Over the last several weeks, members of Congress have openly discussed the idea of conditioning US aid to Israel.
The conversation has been driven by the climbing death toll and worsening conditions for Palestinian civilians in Gaza, far-right policies pursued by the Netanyahu government, and a sense that Israel has not been interested in pursuing a two-state solution to the Israeli-Palestinian conflict in recent years.
Conditions aren’t likely to happen, at least in the near term. The Senate version of the national security defense bill, released on Tuesday, does not place any restrictions on the more than $14 billion in aid allotted to Israel. Furthermore, Republicans — who control the House — are almost unanimously opposed to it, and not even a majority of Democrats are on board.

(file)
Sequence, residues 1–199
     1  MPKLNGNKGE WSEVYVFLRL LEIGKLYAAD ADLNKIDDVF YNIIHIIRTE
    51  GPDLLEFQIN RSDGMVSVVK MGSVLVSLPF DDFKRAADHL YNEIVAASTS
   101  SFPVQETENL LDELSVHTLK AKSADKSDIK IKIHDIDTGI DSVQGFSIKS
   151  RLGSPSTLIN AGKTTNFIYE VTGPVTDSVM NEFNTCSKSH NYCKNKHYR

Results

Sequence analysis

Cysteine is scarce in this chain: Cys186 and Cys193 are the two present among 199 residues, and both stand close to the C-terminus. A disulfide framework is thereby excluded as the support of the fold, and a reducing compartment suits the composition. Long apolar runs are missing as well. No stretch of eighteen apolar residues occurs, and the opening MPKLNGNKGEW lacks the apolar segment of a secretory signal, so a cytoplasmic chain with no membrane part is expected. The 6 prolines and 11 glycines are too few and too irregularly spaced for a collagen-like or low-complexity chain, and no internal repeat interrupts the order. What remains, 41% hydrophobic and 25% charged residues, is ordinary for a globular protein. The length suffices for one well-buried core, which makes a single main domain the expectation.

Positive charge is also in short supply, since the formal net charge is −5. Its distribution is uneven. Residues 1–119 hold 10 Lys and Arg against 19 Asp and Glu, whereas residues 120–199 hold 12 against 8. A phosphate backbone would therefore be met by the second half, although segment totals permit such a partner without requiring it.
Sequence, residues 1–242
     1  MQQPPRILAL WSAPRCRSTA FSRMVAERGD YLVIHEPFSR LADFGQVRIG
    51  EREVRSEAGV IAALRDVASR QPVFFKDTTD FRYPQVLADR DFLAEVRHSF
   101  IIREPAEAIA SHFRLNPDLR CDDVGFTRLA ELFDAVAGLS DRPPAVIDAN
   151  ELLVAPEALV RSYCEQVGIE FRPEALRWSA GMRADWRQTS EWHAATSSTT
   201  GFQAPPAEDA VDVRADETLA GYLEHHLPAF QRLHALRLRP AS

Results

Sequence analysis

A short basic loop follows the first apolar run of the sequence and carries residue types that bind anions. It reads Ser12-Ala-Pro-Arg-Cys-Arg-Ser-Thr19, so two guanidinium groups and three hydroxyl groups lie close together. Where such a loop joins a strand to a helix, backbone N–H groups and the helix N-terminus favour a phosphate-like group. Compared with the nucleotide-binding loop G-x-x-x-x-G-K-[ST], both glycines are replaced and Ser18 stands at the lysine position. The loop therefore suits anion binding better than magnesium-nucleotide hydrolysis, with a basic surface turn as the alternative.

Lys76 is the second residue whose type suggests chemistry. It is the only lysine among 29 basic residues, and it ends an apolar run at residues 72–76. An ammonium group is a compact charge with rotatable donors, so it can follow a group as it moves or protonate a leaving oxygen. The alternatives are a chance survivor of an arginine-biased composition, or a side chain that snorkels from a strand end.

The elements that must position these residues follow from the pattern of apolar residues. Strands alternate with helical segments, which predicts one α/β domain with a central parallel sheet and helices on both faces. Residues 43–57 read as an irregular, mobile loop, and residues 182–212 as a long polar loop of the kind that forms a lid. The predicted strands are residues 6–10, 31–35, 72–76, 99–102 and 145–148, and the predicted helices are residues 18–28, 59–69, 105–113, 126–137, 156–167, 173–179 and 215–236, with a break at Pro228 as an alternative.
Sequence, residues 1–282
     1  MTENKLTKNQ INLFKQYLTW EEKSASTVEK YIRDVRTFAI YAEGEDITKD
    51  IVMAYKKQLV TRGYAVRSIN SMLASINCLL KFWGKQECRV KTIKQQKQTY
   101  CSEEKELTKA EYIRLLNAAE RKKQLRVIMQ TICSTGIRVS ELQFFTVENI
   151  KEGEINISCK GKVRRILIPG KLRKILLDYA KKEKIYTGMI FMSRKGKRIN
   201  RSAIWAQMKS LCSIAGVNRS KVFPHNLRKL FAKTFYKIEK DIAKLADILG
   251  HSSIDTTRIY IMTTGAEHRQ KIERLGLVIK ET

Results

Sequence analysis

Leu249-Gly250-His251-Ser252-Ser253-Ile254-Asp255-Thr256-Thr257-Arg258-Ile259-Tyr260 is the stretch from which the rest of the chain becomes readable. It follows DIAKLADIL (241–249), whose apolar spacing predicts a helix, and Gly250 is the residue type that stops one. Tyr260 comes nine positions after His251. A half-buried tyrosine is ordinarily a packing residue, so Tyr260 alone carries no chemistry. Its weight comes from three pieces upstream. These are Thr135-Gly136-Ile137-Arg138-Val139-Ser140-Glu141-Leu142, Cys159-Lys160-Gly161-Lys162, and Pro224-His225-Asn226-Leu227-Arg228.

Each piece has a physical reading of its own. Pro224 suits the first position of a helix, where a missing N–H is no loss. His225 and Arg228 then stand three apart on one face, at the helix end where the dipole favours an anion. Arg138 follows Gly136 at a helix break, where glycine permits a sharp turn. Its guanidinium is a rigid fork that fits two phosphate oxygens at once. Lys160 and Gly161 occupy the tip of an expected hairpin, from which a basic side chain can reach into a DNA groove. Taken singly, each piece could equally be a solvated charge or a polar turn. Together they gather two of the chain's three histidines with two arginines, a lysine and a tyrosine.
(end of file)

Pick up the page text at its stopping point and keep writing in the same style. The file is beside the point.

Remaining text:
But a willingness to discuss the topic, ranging from the sober observations of more mainstream Democratic senators to the fiery pronouncements of progressive House members, represents the unexpected shattering of a longstanding taboo in Washington. [Continue reading…]